As the nation’s fastest growing population for decades now, Indigenous people must be given space to allocate resources and funds delegated to their communities. Without Indigenous-led strategies, alongside complacency upholding ugly status quo, gross negligence is next on Indigenous advocates’ menus as these industries perpetuate liabilities within our service industries. Complicated intergenerational trauma can only truly be understood and addressed by Indigenous people for Indigenous people. Accreditation and certification bodies are now “indigenizing” their standards and competencies to reflect working with the unique and legally distinct Indigenous population.

To address the systemic issues facing Indigenous communities caused by the colonial systems of education, we all need to reflect on the real meaning of reconciliation. Reconciliation has long been interpreted and delivered through colonial perspectives that reduce reconciliation down to its most basic meaning  found in dictionaries -  “to cause (a person) to accept or be resigned to something not desired”. It is important to remember that The Truth and Reconciliation Commission (TRC) came about when the Government of Canada was forced by a judicial ruling in favour of First Nation residential school survivors.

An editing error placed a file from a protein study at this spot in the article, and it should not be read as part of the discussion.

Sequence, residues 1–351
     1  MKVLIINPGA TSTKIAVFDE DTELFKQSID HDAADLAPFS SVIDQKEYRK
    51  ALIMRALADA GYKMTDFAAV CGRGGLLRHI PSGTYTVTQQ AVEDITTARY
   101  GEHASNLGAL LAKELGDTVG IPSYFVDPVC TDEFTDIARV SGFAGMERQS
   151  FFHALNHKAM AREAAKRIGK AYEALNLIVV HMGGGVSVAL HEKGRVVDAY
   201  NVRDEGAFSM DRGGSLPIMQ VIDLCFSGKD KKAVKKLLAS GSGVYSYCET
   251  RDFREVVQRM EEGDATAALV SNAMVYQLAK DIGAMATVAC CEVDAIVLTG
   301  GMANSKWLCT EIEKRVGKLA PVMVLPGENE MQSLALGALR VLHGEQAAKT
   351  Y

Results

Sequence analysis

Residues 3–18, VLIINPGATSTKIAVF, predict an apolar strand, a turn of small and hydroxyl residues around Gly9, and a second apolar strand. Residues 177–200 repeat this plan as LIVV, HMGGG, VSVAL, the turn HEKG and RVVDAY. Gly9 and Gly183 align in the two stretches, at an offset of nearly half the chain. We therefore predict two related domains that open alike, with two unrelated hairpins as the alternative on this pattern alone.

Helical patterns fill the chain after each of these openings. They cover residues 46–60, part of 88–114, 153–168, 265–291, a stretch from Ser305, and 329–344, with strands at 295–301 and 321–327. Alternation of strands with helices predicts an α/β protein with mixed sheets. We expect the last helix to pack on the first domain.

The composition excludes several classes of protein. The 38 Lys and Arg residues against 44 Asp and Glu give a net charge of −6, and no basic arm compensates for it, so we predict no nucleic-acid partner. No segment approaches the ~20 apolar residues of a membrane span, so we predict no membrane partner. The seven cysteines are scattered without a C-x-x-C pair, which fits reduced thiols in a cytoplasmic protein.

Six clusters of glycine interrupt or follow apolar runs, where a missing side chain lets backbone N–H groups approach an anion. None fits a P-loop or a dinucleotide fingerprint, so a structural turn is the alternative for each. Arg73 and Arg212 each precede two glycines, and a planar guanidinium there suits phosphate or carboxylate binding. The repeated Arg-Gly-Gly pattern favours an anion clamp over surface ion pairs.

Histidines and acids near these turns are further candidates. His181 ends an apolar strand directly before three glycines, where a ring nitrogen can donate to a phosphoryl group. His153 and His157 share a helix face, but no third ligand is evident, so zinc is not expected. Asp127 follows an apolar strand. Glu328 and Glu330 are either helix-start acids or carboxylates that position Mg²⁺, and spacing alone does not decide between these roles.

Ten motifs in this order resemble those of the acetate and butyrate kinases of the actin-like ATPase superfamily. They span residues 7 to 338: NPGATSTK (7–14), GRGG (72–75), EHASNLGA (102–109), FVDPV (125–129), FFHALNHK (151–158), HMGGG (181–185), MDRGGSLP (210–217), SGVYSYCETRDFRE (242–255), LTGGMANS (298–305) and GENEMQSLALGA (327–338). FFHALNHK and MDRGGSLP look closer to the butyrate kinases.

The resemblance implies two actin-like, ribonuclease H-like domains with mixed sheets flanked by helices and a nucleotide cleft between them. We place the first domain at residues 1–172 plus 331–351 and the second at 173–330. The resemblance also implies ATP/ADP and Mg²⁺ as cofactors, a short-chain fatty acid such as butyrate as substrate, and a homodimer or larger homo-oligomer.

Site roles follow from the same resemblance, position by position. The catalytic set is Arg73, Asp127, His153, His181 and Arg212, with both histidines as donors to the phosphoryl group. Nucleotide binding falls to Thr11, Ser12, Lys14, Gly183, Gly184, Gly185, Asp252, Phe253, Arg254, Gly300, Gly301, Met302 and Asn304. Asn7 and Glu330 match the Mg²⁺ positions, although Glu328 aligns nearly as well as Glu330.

This “resignation to something not desired” is unfortunately consistent with the history and relationship between Indigenous peoples and Canada. It denies Canadian participation in the genocide of Indigenous people despite the Calls to Action from the National Inquiry of Murdered and Missing Indigenous Women and Girls (MMIWG) and the Truth and Reconciliation Commission. Treating reconciliation as a noun to shelve it like the Royal Commission on Aboriginal People (RCAP) or the Red Paper that rebutted the White Paper by Trudeau’s father himself, Pierre, will not aid in reconciliation.